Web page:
were also strongly imperialist 7 J. the Scots. p. A Liberal historian like Edward Freeman wrote romantically on the local autonomy enjoyed by other. Aftermath: Remembering the Great War in Wales (Cardiff. in 1916 he became prime minister of Great Britain and presided over a wartime imperial Cabinet. the folk-hero William Tell above all. 170.8 Kenneth O. a mighty historiographical orchard grew. 2002). Cardiff. eds. an ever increasing measure of separatism from crown and parliament. Welsh. For the southern Irish sought not equality but exclusion. the Scots and Welsh sought equality within the United Kingdom and the British Empire. in sharp contrast. Thus. On hearing news of crushing British defeats at Colenso and Spion Kop. “International Opinion” in David Omissi and Andrew Thompson. Methuen for the Scots. strongly backed the demand for independence voiced by the Boer republics of the Transvaal and the Orange Free State. He was to operate within the traditional system. In time.”7 Switzerland with its citizen pikemen became for a time a kind of model of face-to-face pluralist democracy. or Scandinavia: “The most ancient crowns of Kings and Popes and Caesars are things of yesterday beside the patriarchal honours of the Landmanns of Uri. 1983). cherishing its myths.8 The Welsh sense of nationality in the early twentieth century was encapsulated at the unveiling of the Welsh National War Memorial in Cathays Park.9 The Scots. the Tyrol. and Ulstermen largely remained enthusiasts for the imperial cause and trumpeted their own military heroes (Kitchener for the Ulsterman. There national identity was perfectly compatible with Britishness. and the much more debatable credentials of Roberts and BadenPowell for the Welsh). 9 Angela Gaffney. most commentators felt comfortable with what was happening. 44 ff. in Scotland and Wales at least. was very different. even the home rule within the Empire sought by Irish Nationalists like Parnell and Redmond was overtaken by the overt republicanism of Griffith. . The Impact of the South African War (Basingstoke. Ireland. 1998). this diversity was. peoples in the Swiss cantons. Even Edward Gibbon had once contemplated writing an epic on the rise of Swiss liberty. Essentially. David Lloyd George was not a Welsh Parnell. strictly qualified. prior to finding a grander theme in Roman decline and fall. A Liberal Descent (Cambridge. From Tell’s apple.. at least the 26 counties of the Catholic South. 278-82. the Irish Nationalists in the Commons stood up and cheered. pp. Anyway. Burrow. The Irish Nationalists. which described the Welsh people as “conscious of their nationhood but equally conscious of their partnership in Empire”. p.W. 8 Donal Lowry. during the South African War of 1899-1902. in 1928. Morgan While some unionists saw this as the malign result of the domino-theory fragmentation initiated by proposing separatism for Ireland. After all. immensely active in reviving political badges of nationality after 1885. usually mountainous. Collins and de Valera in Sinn Fein.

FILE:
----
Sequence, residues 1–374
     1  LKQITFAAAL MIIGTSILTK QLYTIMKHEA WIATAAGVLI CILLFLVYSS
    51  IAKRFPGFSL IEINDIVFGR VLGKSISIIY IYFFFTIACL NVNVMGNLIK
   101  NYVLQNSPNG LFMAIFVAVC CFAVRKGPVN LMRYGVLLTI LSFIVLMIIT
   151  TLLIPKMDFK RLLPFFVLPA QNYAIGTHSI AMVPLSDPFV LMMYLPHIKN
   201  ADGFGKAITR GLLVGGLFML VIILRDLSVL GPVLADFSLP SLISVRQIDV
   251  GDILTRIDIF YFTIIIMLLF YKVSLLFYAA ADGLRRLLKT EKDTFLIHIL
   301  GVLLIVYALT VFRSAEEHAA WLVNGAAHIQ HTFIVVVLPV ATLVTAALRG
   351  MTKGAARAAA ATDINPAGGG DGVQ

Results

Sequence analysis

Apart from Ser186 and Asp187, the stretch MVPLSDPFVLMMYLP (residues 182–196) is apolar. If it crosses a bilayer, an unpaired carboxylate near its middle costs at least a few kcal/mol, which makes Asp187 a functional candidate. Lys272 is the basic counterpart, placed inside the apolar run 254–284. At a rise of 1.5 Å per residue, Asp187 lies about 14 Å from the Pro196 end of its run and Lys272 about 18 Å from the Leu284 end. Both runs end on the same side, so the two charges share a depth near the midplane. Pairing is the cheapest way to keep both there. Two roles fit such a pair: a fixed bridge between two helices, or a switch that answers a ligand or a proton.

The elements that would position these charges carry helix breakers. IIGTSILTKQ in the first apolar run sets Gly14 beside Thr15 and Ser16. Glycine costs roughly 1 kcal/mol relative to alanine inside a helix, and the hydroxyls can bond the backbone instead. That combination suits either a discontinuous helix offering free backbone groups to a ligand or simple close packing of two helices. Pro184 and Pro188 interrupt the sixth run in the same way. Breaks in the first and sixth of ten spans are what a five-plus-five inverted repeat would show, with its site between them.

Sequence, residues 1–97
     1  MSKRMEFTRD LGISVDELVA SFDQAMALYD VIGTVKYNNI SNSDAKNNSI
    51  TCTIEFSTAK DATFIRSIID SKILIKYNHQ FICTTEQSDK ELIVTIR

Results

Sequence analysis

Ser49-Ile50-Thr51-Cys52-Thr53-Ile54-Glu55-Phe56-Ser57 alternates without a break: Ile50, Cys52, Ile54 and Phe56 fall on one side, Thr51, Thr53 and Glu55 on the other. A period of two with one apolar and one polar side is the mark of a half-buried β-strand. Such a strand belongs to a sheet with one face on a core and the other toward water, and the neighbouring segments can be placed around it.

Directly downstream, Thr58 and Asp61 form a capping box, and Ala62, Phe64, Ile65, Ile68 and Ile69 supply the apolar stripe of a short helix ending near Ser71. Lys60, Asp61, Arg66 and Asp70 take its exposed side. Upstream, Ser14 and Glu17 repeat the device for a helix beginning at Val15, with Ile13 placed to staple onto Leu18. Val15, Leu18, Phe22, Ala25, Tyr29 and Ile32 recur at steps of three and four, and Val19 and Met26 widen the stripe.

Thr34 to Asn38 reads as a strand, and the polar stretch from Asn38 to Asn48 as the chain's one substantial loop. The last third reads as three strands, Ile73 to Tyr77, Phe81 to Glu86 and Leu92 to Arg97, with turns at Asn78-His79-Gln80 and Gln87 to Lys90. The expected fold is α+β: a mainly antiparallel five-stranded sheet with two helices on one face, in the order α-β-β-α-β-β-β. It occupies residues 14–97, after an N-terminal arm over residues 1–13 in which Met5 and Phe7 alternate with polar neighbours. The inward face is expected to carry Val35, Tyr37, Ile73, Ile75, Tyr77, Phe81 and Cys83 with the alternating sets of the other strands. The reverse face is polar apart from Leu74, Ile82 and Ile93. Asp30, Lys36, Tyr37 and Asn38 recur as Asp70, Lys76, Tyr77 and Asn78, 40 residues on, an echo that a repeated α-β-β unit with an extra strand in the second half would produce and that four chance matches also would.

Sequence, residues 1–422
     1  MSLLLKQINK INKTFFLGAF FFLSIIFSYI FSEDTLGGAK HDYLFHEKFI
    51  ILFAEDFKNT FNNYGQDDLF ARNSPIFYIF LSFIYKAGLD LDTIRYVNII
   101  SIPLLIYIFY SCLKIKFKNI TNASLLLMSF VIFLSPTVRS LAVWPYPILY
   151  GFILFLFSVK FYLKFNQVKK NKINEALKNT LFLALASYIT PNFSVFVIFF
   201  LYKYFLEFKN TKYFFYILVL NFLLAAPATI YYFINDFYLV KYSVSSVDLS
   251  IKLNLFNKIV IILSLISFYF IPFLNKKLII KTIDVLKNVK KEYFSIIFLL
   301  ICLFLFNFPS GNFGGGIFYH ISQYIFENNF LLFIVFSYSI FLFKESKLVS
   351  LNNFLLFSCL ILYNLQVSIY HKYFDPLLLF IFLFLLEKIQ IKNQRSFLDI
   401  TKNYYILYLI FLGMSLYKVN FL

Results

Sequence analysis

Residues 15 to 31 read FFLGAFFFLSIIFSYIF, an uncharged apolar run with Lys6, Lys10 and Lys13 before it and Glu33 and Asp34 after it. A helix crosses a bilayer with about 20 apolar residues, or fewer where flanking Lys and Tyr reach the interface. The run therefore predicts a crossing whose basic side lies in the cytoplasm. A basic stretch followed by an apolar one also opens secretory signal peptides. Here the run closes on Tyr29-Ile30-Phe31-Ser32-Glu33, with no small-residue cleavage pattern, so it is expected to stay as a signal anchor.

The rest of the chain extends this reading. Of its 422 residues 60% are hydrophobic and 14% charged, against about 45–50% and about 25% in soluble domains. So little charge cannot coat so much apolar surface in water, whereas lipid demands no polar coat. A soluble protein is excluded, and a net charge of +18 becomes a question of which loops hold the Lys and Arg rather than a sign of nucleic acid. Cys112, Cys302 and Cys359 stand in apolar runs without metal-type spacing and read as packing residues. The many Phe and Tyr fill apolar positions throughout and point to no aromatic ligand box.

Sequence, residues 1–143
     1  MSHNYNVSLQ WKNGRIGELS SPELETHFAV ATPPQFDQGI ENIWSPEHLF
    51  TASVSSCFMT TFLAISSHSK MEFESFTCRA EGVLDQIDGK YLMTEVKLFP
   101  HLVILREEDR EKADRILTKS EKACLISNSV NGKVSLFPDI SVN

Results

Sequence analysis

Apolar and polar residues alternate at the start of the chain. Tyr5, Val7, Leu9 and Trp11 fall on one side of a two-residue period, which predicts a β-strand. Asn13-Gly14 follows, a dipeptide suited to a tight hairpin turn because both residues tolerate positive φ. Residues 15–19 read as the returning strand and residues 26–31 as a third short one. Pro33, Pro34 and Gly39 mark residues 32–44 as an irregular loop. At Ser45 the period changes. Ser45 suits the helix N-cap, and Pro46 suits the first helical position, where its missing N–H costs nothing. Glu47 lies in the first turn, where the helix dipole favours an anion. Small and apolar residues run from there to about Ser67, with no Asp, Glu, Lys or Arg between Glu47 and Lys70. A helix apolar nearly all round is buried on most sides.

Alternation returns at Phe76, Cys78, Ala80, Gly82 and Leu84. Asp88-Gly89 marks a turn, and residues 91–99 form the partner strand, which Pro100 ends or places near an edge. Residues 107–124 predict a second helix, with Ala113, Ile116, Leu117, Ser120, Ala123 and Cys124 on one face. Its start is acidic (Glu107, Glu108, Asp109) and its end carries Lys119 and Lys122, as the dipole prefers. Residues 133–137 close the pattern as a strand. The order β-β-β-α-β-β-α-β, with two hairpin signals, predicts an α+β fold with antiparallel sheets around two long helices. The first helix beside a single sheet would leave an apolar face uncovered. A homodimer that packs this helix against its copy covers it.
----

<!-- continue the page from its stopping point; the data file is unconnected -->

(It had been preceded by another symbol of Britishness the previous year. The Irish and the Welsh both disestablished their churches in 1869 and in 1920 respectively. 2003). Memories of Dunkirk (an evacuation from the continent. the war memorials in tiny villages. the nationwide symbolism of Armistice Day and the Cenotaph. Geographes. as in 1588 or 1805. the sale of poppies. and the work of the British Legion on behalf of war veterans. his scruffy appearance was roundly condemned (including within the Labour Party) as being un-British. was thought to be too casually dressed at the Cenotaph ceremony in November 1981. 386 (Rouen.) This unionism was nurtured by two world wars. When Michael Foot. What else could be expected from this “inveterate peacemonger” other than disrespect to the military dead? The Second World War was even more powerful in encouraging a very specific image of Britishness. underpinned by the crisis of the capitalist order in the inter-war period. that underlay the remarkably paternalistic Empire exhibition at Wembley stadium in 1924. Unionism. � Lieux de Memoire: la Grand-Bretagne. . centred on the country’s insular separateness and historic independence. 10-14. in defiance of foreign aggressors and a fascist. Morgan. This long survived. les Etats Unis et la France et les deux guerres mondiales. denounced by the French as an act of betrayal but revered in British legend as a triumph for homely British muddle-through). 1914-1966 In the twentieth century.The British Identity. It was this Britishness. But in Ireland disestablishment was an early precursor of home rule. Historiens. in Wales it was an alternative to it. the Scottish voters swung towards the Salisbury government in the “khaki election” of 1900. The year 1940 became Britain’s all-purpose lieu de memoire (site of memory). a white horse. The legacy of 1918 came in the sense of sacrifice. the relative pluralism of late-Victorian Britain gave way rapidly to a long phase of unionism—a form of civic and symbolic Britishness. when “the few” fought alone against the enemy. 1919-2003 ». then Labour’s leader. far greater than the capacity of the stadium to house it. when the first Wembley football cup final between Bolton Wanderers and West Ham United attracted an immense crowd. Order was restored by one famous solitary unarmed policeman. and the Battle of Britain. astride yet another symbol of identity for the animal-loving British. pp. 1851-2008 9 from their shipbuilders to their doctor-missionaries. from the time of the First World War until the sixties. or defeatist continental Europe. collaborationist. The political agendas of the various Celtic nations were all distinct and different. in its wider imperial guise.10 and it generated a good deal 10 See Kenneth O.